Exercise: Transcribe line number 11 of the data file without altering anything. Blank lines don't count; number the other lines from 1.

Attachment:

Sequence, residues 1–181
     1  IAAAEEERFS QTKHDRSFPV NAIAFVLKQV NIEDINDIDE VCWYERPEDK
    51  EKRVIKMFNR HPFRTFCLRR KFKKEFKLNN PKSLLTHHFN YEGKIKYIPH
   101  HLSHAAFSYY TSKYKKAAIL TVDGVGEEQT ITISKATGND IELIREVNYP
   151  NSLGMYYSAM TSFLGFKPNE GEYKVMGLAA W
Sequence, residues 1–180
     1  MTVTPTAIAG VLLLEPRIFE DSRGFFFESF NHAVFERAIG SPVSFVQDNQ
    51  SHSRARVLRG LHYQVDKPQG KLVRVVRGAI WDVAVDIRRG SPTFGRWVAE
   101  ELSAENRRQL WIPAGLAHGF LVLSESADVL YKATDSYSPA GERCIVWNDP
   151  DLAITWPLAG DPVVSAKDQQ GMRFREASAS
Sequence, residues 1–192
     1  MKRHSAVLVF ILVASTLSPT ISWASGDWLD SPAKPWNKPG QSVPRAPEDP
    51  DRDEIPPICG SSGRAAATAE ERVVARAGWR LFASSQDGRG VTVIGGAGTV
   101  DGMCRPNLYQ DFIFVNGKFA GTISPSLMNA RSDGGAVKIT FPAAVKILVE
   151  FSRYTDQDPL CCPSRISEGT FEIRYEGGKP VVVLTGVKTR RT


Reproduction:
Sequence, residues 1–192